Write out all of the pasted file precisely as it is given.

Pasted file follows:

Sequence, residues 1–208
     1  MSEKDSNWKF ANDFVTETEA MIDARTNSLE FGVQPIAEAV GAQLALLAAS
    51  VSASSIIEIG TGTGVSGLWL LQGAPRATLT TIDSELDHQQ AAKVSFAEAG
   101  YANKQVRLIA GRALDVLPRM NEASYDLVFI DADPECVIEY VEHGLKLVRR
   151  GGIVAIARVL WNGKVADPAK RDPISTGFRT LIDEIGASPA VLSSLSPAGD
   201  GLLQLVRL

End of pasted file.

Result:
Sequence, residues 1–208
     1  MSEKDSNWKF ANDFVTETEA MIDARTNSLE FGVQPIAEAV GAQLALLAAS
    51  VSASSIIEIG TGTGVSGLWL LQGAPRATLT TIDSELDHQQ AAKVSFAEAG
   101  YANKQVRLIA GRALDVLPRM NEASYDLVFI DADPECVIEY VEHGLKLVRR
   151  GGIVAIARVL WNGKVADPAK RDPISTGFRT LIDEIGASPA VLSSLSPAGD
   201  GLLQLVRL